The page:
Two Major League Baseball clubs – the San Francisco Giants and Miami Marlins – are under investigation by the U.S. Department of Labor for possible federal wage law violations. The investigations come amid wider concern about questionable pay practices throughout professional baseball, according to interviews and records obtained by FairWarning under the Freedom of Information Act.
Labor Department spokesman Jason Surbey confirmed the investigations of the Marlins and the Giants but would not give details. However, emails reviewed by FairWarning show that possible improper use of unpaid interns is a focus of the Giants probe. It is the Labor Department’s second recent investigation of the Giants over pay practices involving lower-level employees.
The Giants declined comment when contacted for this story, but the day after publication the team issued a statement confirming the probe involves the internship program.
“The Giants have an established, highly sought-after internship program where students have the opportunity to gain real world experiences while earning school credit,” the statement said. “In the past, interns were paid monthly stipends in addition to receiving school credit. Interns now are paid at or above minimum wage on top of receiving school credit.”
A Marlins spokesman said the club does not believe “that any of the Marlins’ current labor practices are improper. . . . We can confirm that the Marlins have been and will continue to cooperate fully with the Department of Labor.” Major League Baseball officials could not be reached.
Officials with the department’s Wage and Hour Division announced in August that the Giants had resolved the prior case by agreeing to pay $544,715 in back wages and damages to 74 employees. Many were clubhouse workers the agency said were paid at a daily rate of $55 but who sometimes worked so many hours that they got less than minimum wage and no overtime. The federal minimum wage is $7.25 per hour.
In announcing the settlement, Susana Blanco, director of the San Francisco district office of the Wage and Hour Division, said she was “encouraged that the Giants acted to resolve this issue” but disappointed “to learn that clubhouse workers providing services to high-paid sports stars weren’t making enough to meet the basic requirements of minimum-wage law.”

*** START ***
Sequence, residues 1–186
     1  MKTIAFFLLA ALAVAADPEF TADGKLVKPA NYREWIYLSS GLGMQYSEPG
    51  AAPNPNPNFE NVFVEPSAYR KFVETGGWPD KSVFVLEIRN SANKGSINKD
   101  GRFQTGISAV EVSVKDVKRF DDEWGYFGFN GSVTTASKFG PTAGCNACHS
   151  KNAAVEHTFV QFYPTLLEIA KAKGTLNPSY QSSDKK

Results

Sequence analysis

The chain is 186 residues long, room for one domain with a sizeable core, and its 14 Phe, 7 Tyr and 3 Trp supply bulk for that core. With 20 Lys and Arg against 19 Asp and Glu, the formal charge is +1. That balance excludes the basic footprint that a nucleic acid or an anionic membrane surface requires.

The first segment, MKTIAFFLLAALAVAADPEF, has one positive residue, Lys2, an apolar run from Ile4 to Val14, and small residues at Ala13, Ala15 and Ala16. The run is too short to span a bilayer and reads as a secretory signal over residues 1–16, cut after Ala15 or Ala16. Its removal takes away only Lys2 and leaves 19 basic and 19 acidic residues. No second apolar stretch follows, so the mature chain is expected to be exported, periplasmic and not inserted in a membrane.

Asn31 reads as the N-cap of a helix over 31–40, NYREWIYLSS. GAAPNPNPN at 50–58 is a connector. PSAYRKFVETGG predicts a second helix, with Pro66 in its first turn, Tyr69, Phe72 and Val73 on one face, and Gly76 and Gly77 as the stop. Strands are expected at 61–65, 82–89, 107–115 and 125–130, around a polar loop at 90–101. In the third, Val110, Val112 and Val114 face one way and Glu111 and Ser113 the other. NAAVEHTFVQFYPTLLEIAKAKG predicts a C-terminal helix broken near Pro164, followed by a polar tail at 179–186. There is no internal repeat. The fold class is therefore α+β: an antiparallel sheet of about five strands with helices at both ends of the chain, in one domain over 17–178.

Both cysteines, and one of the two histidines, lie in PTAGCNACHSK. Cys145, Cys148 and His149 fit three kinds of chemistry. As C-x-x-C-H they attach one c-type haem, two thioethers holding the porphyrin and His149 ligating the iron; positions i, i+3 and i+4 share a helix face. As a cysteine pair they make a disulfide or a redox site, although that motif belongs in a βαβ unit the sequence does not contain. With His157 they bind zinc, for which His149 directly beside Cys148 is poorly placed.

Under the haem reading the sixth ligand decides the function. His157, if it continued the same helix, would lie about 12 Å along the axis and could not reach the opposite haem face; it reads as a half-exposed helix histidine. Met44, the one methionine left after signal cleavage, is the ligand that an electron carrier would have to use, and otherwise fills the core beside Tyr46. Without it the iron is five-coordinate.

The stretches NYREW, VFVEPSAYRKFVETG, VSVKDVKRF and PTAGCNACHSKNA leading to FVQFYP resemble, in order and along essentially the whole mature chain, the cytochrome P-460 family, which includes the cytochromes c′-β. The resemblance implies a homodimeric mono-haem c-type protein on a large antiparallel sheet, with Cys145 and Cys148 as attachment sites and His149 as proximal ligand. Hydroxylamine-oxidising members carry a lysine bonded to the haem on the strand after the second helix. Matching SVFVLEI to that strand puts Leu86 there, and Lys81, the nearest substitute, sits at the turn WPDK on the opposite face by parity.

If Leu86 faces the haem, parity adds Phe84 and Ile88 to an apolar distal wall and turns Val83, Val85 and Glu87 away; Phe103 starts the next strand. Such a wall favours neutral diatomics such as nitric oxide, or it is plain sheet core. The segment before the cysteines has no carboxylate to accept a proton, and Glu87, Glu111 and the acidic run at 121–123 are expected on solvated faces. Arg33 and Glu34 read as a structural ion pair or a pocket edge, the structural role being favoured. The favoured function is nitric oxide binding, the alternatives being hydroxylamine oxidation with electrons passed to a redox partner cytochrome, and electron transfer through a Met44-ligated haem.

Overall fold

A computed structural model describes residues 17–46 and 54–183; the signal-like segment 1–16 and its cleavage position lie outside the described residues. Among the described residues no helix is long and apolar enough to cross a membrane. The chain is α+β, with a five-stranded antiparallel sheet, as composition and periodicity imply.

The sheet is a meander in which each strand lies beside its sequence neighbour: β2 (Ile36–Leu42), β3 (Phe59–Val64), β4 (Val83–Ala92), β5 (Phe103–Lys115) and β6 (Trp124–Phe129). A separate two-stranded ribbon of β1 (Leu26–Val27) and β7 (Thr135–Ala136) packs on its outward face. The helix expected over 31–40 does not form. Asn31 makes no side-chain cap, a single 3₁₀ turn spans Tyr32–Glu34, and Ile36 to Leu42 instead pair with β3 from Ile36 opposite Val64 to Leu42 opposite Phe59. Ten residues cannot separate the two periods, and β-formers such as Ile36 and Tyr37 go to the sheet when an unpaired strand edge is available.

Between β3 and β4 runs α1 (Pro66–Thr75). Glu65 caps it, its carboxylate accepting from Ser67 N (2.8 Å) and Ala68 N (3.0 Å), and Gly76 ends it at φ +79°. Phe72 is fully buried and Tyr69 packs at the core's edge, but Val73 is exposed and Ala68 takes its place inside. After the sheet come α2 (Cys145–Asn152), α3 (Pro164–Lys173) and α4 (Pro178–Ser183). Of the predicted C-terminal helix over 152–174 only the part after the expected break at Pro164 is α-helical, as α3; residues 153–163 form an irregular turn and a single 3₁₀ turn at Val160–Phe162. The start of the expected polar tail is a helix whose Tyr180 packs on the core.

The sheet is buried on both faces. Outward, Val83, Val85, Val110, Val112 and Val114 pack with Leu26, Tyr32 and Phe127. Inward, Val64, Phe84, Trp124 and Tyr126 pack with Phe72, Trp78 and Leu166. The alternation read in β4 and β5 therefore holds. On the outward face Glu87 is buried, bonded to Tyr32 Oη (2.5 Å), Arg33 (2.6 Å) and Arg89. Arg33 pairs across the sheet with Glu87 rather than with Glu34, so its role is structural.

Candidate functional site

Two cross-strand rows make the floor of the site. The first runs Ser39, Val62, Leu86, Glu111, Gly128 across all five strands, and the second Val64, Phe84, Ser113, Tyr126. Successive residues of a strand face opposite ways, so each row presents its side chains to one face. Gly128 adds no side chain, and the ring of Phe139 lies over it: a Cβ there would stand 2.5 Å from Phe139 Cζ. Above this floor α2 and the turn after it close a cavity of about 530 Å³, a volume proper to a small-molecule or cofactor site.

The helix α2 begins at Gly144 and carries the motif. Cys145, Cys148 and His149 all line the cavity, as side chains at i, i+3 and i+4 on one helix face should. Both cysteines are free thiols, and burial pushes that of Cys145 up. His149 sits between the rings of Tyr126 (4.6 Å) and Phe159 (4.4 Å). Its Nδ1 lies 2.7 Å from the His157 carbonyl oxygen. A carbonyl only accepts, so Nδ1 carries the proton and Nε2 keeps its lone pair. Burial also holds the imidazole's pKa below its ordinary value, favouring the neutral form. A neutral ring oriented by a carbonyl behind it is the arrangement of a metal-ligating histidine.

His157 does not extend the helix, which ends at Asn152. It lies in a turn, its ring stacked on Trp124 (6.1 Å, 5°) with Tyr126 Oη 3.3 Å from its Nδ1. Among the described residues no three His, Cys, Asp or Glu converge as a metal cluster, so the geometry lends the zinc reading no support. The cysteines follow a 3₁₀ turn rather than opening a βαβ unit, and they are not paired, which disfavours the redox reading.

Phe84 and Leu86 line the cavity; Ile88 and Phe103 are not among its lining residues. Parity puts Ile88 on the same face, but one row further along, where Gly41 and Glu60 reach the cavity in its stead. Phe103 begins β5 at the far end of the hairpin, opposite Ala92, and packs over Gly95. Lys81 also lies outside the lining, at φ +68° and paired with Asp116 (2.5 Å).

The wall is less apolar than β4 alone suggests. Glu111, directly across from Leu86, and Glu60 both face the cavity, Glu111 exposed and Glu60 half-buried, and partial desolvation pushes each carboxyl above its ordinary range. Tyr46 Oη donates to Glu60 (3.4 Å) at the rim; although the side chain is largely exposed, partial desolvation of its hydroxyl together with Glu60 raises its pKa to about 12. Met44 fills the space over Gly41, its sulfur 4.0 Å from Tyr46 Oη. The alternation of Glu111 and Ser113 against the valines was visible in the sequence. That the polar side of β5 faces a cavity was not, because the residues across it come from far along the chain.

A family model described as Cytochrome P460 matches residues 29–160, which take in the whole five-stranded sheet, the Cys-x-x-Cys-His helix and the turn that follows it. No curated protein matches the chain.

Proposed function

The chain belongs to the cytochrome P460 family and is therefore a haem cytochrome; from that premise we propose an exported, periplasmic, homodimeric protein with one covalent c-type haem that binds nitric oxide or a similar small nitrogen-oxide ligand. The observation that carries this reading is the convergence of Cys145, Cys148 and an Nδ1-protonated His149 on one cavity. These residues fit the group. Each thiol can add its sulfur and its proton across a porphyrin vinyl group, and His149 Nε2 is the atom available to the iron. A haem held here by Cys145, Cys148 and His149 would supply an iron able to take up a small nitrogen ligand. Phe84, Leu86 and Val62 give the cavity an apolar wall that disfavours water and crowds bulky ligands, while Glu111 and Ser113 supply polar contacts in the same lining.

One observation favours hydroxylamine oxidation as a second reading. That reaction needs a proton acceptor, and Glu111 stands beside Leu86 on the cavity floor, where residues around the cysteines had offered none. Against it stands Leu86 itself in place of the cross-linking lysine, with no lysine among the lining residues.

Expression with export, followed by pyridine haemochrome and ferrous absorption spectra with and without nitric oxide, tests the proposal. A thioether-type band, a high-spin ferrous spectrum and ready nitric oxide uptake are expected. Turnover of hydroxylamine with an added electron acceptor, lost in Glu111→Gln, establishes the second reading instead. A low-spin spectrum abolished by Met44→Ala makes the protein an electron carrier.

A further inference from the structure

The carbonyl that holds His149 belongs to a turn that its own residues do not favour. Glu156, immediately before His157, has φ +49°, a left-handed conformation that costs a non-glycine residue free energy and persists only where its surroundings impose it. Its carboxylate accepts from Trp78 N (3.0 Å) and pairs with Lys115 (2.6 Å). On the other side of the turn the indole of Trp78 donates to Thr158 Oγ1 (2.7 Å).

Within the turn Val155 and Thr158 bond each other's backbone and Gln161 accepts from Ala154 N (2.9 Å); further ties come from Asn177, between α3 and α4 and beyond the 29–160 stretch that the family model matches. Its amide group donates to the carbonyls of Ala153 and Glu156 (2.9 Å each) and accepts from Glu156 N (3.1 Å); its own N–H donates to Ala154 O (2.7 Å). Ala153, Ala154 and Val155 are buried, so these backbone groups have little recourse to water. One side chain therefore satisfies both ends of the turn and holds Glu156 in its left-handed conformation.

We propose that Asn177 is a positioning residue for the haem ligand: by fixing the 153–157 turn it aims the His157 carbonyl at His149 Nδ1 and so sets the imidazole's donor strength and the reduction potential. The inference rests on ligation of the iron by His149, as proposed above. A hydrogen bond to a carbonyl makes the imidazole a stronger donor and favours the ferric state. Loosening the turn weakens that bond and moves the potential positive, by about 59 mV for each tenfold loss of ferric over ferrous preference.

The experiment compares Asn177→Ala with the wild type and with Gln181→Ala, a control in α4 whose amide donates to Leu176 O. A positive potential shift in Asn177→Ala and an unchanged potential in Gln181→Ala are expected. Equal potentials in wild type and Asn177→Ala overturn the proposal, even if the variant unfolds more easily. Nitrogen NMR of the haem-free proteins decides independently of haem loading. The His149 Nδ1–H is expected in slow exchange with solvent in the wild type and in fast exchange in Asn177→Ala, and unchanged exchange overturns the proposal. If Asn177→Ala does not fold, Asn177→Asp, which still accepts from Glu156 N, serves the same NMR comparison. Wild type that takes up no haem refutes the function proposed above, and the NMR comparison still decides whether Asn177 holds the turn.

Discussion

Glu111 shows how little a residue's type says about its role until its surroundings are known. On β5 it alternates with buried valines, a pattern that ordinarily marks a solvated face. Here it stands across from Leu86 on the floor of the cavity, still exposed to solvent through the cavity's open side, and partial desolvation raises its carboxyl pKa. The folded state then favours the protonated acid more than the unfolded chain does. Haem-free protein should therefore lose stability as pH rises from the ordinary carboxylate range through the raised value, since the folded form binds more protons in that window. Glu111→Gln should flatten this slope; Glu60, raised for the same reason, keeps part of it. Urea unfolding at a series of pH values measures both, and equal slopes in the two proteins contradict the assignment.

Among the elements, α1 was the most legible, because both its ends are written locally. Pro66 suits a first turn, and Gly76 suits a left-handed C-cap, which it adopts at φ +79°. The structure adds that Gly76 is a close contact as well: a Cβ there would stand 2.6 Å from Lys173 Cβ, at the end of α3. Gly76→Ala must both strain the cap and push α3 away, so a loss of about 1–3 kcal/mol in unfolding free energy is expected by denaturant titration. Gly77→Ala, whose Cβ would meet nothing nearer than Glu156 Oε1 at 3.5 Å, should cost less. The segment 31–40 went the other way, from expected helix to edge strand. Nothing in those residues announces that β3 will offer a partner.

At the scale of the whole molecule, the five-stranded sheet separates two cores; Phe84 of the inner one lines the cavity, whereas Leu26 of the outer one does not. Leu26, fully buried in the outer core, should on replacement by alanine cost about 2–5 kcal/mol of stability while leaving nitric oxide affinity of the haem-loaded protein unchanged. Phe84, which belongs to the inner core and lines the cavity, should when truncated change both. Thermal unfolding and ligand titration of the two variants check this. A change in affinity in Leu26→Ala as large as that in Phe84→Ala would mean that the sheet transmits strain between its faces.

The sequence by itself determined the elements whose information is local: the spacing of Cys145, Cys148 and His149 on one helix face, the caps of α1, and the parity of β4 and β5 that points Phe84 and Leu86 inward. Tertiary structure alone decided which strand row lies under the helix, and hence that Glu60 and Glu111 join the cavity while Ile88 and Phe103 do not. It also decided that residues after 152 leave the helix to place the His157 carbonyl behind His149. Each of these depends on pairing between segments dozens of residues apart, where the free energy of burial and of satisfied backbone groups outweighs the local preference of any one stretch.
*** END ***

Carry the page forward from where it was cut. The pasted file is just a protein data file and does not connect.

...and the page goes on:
The Giants also were found to have improperly classified some workers as exempt from overtime pay, including clubhouse managers and video operators at both the parent team and its minor league affiliates.
The Giants in June also reached a $500,000 settlement in a private class action suit on behalf of security guards, who had claimed they were owed back pay for overtime and for working through breaks and meals.
According to a Sept.12 memo from the baseball commissioner’s office to presidents of the 30 Major League clubs, the Labor Department concluded from the first Giants investigation that questionable pay practices “are endemic to our industry.” Following a series of discussions and emails between the Wage and Hour Division and baseball officials, the league office summoned representatives of all Major League clubs to attend a meeting with labor officials in Orlando, Fla., next month.
The meeting was scheduled after the agency urged the commissioner’s office to take action on what an email described as the “catalog of issues” raised by the Giants case. The issues included improperly exempting certain employees from overtime pay and paying daily rates that might fall short of the minimum wage depending on the number of hours worked.
Another issue was unpaid interns. This “was not part of the completed investigation” of the Giants, an email said, “but . . . has subsequently been raised.”
Unpaid internships, which are especially prevalent in industries such as entertainment, media and professional sports, have generated growing controversy and some successful private litigation. According to Labor Department guidelines, unpaid internships are proper only when designed for the education of the interns, and not to benefit the employer or displace regular workers.
Major League Baseball does not control employment practices of individual clubs. But since the Giants case, the Wage and Hour Division has leaned on the commissioner’s office to help bring teams into compliance. Much of the contact has been between George Ference, Wage and Hour’s regional administrator in Philadelphia – the nearest regional office to the baseball commissioner in New York – and Rob Manfred, chief operating officer for the league.
An Aug. 8 email from Ference asked Manfred about “the specific steps that MLB plans to take” to ensure “compliance with issues uncovered in the Wage Hour investigation of the San Francisco Giants.” In a follow-up email on Aug. 12, Ference wrote: “What I need to be able to do is explain . . . exactly how we are working collaboratively to ensure that other franchises are moving toward compliance.”
Ultimately, they scheduled a presentation by Labor Department officials during next month’s meetings of baseball owners and general managers in Orlando.
“Each club must send at least one representative to the DOL presentation,” said the memo from Manfred and Dan Halem, MLB’s senior vice president and general counsel. “In the interim,” the memo said, “we strongly suggest that each club consult with its employment counsel . . . to ensure compliance.”